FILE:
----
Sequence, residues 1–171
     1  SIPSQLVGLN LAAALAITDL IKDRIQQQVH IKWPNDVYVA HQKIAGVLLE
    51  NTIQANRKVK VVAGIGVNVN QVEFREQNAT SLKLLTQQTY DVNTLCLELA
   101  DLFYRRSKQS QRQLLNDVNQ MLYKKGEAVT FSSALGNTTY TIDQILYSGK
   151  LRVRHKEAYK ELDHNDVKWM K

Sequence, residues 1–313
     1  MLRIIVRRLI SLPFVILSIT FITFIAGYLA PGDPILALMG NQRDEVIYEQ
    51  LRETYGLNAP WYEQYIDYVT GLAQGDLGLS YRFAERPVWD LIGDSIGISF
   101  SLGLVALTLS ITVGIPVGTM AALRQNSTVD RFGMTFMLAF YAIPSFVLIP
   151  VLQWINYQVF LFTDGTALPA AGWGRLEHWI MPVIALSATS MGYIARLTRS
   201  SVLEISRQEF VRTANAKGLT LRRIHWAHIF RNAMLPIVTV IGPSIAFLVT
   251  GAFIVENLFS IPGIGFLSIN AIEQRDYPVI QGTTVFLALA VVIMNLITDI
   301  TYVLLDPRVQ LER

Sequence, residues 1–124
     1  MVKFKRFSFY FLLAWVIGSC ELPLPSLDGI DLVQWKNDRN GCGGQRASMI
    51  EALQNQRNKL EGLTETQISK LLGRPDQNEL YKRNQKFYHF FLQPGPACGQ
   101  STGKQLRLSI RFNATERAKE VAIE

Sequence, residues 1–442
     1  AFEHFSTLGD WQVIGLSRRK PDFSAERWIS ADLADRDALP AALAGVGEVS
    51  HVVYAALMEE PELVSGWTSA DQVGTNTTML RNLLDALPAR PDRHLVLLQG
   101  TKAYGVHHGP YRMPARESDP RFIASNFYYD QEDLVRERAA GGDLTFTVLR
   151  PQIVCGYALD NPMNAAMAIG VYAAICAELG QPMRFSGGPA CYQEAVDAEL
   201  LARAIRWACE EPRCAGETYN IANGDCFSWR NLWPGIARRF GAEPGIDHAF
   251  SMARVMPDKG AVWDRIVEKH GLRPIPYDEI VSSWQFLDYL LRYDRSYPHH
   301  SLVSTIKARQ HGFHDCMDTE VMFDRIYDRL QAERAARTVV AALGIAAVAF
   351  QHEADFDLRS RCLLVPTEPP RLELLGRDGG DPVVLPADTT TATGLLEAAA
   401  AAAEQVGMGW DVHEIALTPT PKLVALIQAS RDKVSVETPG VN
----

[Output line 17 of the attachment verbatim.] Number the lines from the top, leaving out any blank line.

   101  STGKQLRLSI RFNATERAKE VAIE